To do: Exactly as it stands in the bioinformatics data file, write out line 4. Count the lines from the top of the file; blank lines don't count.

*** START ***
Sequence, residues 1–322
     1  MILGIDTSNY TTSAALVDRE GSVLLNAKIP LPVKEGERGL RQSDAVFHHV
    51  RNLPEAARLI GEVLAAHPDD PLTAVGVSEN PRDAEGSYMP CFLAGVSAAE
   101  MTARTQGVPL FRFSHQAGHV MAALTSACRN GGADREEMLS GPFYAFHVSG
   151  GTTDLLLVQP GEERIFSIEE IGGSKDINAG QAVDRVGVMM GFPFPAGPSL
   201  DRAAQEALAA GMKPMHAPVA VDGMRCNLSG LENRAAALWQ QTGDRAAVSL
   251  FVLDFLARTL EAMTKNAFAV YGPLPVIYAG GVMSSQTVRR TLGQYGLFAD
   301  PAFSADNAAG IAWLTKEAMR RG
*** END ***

   101  MTARTQGVPL FRFSHQAGHV MAALTSACRN GGADREEMLS GPFYAFHVSG